Cendrars, Blaise

Cendrars, Blaise

(blĕz siNdrär`), 1887–1961, Swiss-born French writer whose real name was Frédéric Sauser. He was at various times an art critic, a journalist, and a film director, and he traveled widely, notably in China and Africa. Before World War I, he was associated with Apollinaire, Picasso, and Braque, his poetry conveying a flood of images and emotions that reflected cubist principles. During the war he lost an arm fighting with the Foreign Legion. Later, he wrote fast-paced adventure novels with an exuberant, jazzlike cadence. Cendrars' writing anticipated both surrealism and the nouveau roman, and he had a strong influence on Apollinaire. His works include a collection of poems, Du Monde entier (1919) and the novels L'Or (1925, tr. Sutter's Gold, 1926) and Moravagine (1926, tr. 1928).

Cendrars, Blaise

 

(pen name of Frédéric Sauser). Born Sept. 1, 1887, in La Chaux-de-Fonds, Switzerland; died Jan. 21, 1961, in Paris. French and Swiss writer.

Cendrars attempted to create a socially oriented lyric epic. Examples are the narrative poems Easter in New York (1912) and The Prose of the Trans-Siberian Express and of Little Jeanne of France (1913); the latter work is based on the author’s visit to Russia. Although Cendrars paid tribute to cubism (Nineteen Elastic Poems, 1919) and other avant-gardist trends, he was also one of the founders, along with G. Apollinaire, of 20th-century poetic realism.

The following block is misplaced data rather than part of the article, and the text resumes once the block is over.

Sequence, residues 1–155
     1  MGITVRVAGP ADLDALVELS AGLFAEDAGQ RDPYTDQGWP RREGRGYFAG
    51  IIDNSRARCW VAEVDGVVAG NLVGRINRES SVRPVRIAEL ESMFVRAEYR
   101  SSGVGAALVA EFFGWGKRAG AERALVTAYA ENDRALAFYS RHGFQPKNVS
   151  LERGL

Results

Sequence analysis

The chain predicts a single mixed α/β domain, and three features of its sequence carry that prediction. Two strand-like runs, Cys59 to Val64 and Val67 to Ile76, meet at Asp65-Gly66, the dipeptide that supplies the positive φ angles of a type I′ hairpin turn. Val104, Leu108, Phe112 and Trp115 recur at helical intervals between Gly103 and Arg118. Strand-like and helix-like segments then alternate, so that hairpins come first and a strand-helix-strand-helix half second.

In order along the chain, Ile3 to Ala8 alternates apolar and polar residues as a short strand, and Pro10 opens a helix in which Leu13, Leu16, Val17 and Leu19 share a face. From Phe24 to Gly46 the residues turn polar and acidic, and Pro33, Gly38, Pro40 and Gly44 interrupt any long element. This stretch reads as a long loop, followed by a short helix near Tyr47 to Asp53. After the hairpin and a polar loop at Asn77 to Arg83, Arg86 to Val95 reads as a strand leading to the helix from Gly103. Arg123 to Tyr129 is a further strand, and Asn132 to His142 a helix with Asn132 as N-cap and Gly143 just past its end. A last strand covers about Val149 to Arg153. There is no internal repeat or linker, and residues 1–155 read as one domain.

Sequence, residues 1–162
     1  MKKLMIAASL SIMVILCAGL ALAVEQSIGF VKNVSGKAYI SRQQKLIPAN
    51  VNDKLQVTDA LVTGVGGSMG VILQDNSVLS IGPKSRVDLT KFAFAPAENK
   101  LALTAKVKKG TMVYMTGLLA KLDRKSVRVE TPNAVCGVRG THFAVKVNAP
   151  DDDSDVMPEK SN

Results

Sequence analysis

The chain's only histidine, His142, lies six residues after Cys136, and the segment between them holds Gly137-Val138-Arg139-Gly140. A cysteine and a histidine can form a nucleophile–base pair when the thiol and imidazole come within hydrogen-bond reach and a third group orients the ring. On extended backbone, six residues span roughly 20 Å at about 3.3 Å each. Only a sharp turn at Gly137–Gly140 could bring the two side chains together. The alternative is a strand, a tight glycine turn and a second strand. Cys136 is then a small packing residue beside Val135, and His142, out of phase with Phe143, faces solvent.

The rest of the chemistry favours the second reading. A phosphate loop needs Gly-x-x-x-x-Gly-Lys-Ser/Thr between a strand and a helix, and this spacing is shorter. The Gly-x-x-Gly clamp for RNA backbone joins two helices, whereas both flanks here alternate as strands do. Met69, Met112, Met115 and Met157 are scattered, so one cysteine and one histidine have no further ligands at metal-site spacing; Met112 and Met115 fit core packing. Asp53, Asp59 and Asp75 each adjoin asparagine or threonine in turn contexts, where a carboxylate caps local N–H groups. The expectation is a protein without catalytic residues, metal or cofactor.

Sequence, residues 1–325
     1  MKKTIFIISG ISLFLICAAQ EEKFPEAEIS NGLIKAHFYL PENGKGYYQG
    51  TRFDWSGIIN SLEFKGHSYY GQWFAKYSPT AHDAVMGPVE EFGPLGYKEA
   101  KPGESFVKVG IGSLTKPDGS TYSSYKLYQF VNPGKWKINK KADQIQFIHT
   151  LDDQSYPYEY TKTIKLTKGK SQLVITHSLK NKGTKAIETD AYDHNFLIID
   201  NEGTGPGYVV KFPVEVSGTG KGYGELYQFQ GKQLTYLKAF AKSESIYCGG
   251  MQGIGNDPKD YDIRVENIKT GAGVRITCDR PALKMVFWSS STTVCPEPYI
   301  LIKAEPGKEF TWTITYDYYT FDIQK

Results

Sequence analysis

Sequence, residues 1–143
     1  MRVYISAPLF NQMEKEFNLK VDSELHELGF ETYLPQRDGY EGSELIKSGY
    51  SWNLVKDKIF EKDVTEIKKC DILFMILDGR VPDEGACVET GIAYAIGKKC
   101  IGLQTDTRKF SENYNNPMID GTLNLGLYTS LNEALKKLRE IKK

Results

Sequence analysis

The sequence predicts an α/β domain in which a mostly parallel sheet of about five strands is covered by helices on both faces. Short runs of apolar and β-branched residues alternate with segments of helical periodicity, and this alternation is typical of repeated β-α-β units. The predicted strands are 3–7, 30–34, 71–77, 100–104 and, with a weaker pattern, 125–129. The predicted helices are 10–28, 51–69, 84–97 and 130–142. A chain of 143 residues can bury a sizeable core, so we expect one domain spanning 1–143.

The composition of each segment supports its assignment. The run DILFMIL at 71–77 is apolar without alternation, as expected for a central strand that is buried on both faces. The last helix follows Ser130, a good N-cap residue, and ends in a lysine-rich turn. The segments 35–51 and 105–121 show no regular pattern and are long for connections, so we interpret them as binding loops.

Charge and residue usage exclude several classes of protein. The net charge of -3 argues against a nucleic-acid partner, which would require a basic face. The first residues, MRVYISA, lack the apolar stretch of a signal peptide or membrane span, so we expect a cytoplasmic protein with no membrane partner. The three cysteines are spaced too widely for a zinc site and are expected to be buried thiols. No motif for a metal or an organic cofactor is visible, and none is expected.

Cendrars created an epic of the modern adventurer in his grotesque novels Sutter’s Gold (1925; Russian translation, 1926), Moravagine (1926, devoted to the Russian Revolution of 1905–07), The Confessions of Dan Yack (1929), Rum (1930), and The Dangerous Life (1938). His later prose works, similar in tone to his poetry and lyrically autobiographical, includes The Man Struck by Thunder (1945), The Amputated Hand (1946), and Liberated (1948). Cendrars also published the collection of essays Today (1931).

WORKS

Oeuvres complètes [vols. 1–6, 8–9, 13–15].[Paris] 1968–71.
Inédits secrets. [Paris] 1969.
In Russian translation:
Po vsemu miru. Moscow, 1974.

REFERENCES

Rousselot, J. Blaise Cendrars. Paris [1955].
Parrot, L. Blaise Cendrars. [Paris, 1967.]
Chadourne, J. Blaise Cendrars: poète du Cosmos. [Paris, 1973.]

N. I. BALASHOV

References in periodicals archive ?
de Lima, Brasil: 1 tempo modernista--1917/29; de Marie-Paule Berranger, Du monde entier au coeur du monde de Blaise Cendrars; de Miriam Cendrars, Blaise Cendrars; de Maria Teresa de Freitas, "Blaise Cendrars e a modernidade"; de Maria Teresa de Freitas y Claude Leroy, eds.